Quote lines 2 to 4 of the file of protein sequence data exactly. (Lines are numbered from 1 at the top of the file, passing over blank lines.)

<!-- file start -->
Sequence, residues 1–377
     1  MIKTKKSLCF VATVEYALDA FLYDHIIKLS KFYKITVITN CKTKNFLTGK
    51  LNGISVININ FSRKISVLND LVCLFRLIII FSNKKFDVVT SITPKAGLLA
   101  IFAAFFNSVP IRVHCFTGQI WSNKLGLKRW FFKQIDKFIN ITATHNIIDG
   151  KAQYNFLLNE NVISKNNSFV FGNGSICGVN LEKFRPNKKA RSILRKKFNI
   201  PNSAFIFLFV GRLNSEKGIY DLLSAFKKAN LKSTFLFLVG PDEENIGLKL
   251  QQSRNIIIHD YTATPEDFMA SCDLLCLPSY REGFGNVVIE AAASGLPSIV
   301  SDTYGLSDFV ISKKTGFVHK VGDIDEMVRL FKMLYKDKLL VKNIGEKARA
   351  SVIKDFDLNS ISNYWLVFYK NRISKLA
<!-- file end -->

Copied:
     1  MIKTKKSLCF VATVEYALDA FLYDHIIKLS KFYKITVITN CKTKNFLTGK
    51  LNGISVININ FSRKISVLND LVCLFRLIII FSNKKFDVVT SITPKAGLLA
   101  IFAAFFNSVP IRVHCFTGQI WSNKLGLKRW FFKQIDKFIN ITATHNIIDG